Is smoking pot more dangerous than smoking cigarettes?

The answer to this question depends on the amount of each substance used. It’s also hard to give a straight answer because marijuana contains varying amounts of THC – anywhere from 1% to 8%. When used in equal amounts, marijuana seems to be more harmful than cigarettes, but most pot smokers claim not to smoke as often as cigarette addicts. Here’s some information for you to weigh the risks of each substance:

THC is the active chemical in marijuana. Higher concentrations of THC will cause a greater hallucinogenic effect, and because reproductive cells bind to THC more than other cells, smoking will jeopardize your fertility. THC is fat-soluble, staying in your body (including brain tissue) for up to 3 weeks, though it is not clear what effects it has while it remains.

In lab experiments, THC has been shown to block the immune system’s ability to function properly. This leads to greater risk of illness, infection, and cancer among heavy users. It would be hard to say pot is less dangerous than cigarette smoking because marijuana has 3 times the amount of tar as tobacco, and its carbon monoxide levels are 3-5 times that of cigarettes. Be aware that pot has 50% more cancer-causing hydrocarbons than a tobacco cigarette. Every time you inhale, you’re accepting all of that poison into your body because joints do not have filters. Also, most pot smokers inhale the smoke and hold it in their lungs longer than they would for cigarette smoke.

More research is necessary to learn the true addictive effects of marijuana, but current studies show heavy users will likely experience psychological dependence. Marijuana addiction is not likely to be as intense as the dependence experienced by cigarette smokers. Chronic users build up a tolerance to pot, and they need more and more to get high. Daily users find that their learning, memory, and cognitive skills are weaker than normal; they find it hard to function at their usual level. Experiments on animals that had been chronically exposed to THC resulted in withdrawal symptoms and changes in nerve cells.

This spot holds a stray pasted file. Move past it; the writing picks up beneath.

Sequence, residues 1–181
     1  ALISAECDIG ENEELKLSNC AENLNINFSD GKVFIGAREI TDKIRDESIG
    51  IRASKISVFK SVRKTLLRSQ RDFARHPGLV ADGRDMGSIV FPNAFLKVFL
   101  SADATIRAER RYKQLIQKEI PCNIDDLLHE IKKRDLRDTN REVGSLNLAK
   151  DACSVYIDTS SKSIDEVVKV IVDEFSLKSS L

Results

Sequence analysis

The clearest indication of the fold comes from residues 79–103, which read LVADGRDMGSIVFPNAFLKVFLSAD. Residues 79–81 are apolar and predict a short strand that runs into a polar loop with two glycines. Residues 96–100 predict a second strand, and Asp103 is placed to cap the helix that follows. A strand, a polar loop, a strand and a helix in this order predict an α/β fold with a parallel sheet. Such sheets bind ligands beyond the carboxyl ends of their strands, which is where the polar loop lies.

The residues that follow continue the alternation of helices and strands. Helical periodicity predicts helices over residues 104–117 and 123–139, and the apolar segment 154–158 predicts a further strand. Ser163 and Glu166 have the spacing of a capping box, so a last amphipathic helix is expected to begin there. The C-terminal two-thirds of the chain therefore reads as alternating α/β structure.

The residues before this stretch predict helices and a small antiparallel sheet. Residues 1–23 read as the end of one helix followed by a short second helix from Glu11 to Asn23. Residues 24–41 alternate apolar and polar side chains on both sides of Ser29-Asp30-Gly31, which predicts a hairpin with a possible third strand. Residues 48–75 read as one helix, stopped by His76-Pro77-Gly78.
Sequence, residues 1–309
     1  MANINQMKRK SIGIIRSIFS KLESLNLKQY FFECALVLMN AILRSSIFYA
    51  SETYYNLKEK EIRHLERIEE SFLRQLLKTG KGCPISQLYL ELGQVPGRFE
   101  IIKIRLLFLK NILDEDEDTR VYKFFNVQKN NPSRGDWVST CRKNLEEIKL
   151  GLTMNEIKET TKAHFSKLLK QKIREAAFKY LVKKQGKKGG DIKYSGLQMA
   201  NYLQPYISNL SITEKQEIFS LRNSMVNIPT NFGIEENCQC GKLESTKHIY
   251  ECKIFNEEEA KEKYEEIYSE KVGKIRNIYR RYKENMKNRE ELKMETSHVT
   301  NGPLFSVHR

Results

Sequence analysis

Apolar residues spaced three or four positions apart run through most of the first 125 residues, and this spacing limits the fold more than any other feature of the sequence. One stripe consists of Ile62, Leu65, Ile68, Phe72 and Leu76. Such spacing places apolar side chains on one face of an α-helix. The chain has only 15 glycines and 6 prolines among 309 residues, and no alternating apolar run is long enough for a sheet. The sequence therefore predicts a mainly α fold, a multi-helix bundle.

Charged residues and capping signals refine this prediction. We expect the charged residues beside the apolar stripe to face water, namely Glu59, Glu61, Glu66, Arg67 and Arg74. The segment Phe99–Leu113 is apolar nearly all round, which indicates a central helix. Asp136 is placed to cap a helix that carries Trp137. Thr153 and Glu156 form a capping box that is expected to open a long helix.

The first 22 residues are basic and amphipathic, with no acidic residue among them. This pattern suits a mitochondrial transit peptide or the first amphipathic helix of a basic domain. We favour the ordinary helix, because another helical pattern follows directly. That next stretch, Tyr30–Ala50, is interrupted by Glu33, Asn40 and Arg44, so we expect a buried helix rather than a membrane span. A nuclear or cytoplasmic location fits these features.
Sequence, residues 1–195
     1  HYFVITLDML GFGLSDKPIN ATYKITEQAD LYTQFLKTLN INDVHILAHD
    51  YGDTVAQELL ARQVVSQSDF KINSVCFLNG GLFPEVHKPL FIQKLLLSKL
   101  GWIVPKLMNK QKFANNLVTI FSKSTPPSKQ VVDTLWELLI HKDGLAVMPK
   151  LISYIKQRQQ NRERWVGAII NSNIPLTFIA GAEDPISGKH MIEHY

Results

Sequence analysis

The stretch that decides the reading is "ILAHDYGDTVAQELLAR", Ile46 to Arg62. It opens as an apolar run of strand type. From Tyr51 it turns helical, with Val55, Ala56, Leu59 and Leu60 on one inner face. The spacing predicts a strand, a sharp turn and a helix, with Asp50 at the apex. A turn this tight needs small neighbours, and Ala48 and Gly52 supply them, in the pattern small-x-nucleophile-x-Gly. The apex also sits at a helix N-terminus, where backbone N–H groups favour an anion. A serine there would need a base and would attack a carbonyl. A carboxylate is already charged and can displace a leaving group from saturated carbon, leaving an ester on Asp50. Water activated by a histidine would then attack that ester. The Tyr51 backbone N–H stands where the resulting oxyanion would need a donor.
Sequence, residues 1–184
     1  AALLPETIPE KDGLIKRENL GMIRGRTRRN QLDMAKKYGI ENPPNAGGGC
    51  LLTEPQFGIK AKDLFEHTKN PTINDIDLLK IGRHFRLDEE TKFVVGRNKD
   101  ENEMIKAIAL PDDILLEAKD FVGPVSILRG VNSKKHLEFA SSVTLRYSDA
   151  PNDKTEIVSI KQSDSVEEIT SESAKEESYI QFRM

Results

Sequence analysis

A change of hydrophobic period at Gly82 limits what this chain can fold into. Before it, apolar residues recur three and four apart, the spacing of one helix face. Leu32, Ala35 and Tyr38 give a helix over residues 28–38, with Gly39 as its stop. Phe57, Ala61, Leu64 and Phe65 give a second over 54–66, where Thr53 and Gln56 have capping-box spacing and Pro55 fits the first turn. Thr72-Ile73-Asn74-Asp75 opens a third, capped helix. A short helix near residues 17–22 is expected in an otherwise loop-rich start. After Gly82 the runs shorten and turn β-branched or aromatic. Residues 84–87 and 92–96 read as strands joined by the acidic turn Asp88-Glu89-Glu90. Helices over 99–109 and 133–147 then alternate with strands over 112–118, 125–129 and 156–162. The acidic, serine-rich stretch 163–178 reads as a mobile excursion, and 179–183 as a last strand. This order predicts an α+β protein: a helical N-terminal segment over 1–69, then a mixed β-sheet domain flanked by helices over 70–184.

Other negative results of smoking pot are that it…

  • Changes the chemical balance in your brain, altering your mood, appetite, ability to concentrate, and energy levels.
  • Lowers testosterone levels in men and upsets the balance of hormones in women that control menstrual cycles.
  • Decreases sperm count and increases sperm abnormalities.
  • Jeopardizes the eggs in women’s ovaries (remember, you are born with the total number of eggs you will have for your lifetime – they are irreplaceable!).
  • Threatens your ability to learn and remember things, leading to forgetfulness and difficulty concentrating.
  • Increases your risk for the same lung problems as cigarette smoking, including emphysema, cancer, frequent chest colds, coughing, and more phlegm production.
  • Leads to anxiety problems, depression, and paranoia.
  • Increases risk for cancer of the throat, lungs, head, and neck.

What are the immediate effects of smoking pot?

  • Relaxation
  • Altered sense of hearing, time, and vision
  • Euphoria
  • Increased heart rate and appetite
  • Dilated pupils
  • Memory impairment
  • Red eyes and swollen eyelids
  • Dry eyes and mouth
  • Loss of coordination, slower reaction time (never drive after smoking pot)
  • Impaired judgment

How addictive is marijuana?

There has been conflicting research linking marijuana and addiction. Although pot has not shown signs of causing severe physical dependence and withdrawal symptoms, associated with drugs like cocaine and heroin, marijuana often causes psychological dependence. This means that the user experiences a psychological need for the drug and its effects in order to function on a daily basis.

If I quit marijuana, will I experience withdrawal symptoms?

The severity of withdrawal symptoms depends on the level of your habit, but if you smoke heavily, you are likely to experience psychological withdrawal, such as feeling sick. You may also experience chronic fatigue, headaches, mood changes, and feel depressed or anxious. Other withdrawal symptoms include nervousness, insomnia, loss of appetite, chills, and tremors. Impaired brain functioning can include short-term memory loss and inability to think abstractly.